Deputy Provost of Aberdeenshire, Norman Smith, has launched the 2014 visitor season at Gourdon’s Maggie Law Museum.
Councillor Smith was joined on Monday by Councillors Carl Nelson and Peter Bellarby for the launch, which marked the beginning of a six-day opening celebration.
The museum was reopened in 2013, with support from Aberdeenshire Council, Kincardine and Mearns, after being closed to the public for a number of years.
During this period, the museum has had over 1500 visitors in the first year of operation, raising more than £2500 in donations.
With new tourist signage on the A92, and new marketing initiatives, these targets will be exceeded this year.
The museum houses the first inshore lifeboat, the Maggie Law, built by James (Jeems) Mowatt in Gourdon in 1890, which was paid for by the payment of a penny in the pound from the catches of the fishermen of the village.
In a proud service record of 40 years, the Maggie Law saved a total of 36 lives and today holds pride of place in the museum.
In December, it was was awarded a £5000 grant from the Aberdeenshire Council Initiative, “Be part of the Picture,” through the Visitor Attraction Improvement Scheme grant. It gained a three star Visit Scotland visitor rating in the first year of operation, and the award was handed over to the Museum by Nigel Don MSP in 2013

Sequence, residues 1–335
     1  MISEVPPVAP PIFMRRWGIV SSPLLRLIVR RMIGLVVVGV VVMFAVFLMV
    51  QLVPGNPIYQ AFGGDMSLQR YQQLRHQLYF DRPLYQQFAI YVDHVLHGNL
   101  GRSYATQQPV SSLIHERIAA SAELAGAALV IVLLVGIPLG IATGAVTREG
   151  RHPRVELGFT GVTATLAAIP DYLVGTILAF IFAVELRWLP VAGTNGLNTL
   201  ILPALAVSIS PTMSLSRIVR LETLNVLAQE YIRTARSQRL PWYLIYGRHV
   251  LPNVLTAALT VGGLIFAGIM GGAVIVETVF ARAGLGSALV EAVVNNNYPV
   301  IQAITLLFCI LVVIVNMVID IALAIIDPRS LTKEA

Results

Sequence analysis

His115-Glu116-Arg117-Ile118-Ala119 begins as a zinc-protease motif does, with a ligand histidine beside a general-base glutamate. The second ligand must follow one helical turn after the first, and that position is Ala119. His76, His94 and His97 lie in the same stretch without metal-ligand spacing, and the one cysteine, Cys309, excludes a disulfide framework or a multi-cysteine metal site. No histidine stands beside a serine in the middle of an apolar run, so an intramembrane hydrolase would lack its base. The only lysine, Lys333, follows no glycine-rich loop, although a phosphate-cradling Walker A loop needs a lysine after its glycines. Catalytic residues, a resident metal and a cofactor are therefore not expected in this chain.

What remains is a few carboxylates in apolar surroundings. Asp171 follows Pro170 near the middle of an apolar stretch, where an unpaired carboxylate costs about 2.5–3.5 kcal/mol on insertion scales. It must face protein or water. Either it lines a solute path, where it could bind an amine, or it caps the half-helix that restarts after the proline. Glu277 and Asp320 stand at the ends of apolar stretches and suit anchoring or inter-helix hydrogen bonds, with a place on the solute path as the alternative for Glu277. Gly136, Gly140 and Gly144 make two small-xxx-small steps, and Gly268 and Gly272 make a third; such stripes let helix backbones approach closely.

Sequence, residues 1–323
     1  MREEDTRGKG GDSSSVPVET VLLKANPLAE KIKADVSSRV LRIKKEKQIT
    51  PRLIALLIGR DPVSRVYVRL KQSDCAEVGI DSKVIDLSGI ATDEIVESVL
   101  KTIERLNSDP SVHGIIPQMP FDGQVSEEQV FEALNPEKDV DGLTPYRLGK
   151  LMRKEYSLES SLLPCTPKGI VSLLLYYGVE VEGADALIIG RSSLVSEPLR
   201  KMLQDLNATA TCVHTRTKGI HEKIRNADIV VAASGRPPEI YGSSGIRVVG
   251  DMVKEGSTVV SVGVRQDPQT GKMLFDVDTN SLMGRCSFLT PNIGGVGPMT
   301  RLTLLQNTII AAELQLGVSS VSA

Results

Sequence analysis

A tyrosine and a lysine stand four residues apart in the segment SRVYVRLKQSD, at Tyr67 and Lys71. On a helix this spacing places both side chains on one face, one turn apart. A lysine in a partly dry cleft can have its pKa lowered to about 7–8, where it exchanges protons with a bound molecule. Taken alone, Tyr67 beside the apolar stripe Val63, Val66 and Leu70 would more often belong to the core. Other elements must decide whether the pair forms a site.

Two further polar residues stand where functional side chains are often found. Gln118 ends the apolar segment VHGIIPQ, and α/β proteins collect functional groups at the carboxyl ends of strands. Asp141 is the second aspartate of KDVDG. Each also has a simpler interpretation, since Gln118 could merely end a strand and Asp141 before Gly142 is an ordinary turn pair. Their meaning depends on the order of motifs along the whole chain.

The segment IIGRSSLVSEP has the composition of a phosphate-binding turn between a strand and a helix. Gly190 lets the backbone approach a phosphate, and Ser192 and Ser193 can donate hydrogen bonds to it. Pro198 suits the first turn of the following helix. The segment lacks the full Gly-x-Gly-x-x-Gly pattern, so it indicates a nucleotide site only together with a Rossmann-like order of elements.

Project director Dave Ramsay, said “This support from Aberdeenshire Council has enabled us to make significant new improvements to the museum.
‘‘It also allows us to enhance the overall visitor experience, but particularly for people with physical or sensory disabilities.”
“It is fitting that the launch of the new opening involves key people and councillors who have been extremely supportive of this community heritage initiative.”
The visiting party were guided by museum volunteers, and were able to see at first hand the many changes which have taken place since the opening in 2013, and the valuable contributions and products these specialist volunteers are a making to the Gourdon community maritime heritage.
The opening of a new IT research suite on the upper deck of the museum paves the way for educational visits from schools and heritage groups.
The museum has a wide range of community support activities, and has just recently completed the restoration of an RNLI flag garden in a joint Project with Primary Four Bervie school pupils.
New exhibits have been donated during the winter months and are now on display, with further major acquisitions ready to arrive.
Deputy Provost Smith said; “Aberdeenshire Council has been delighted to be able to support the Maggie Law Maritime Museum.
‘‘The interesting displays reflect the hard work and commitment of the local community and volunteers. The Maggie Law has lots to offer both tourists and those with an interest in maritime history.
‘‘I was impressed to see how much work has gone into making the museum accessible to all people.’’
The museum will be open from 1–4.30pm every day except Tuesdays.
Entry is by donation.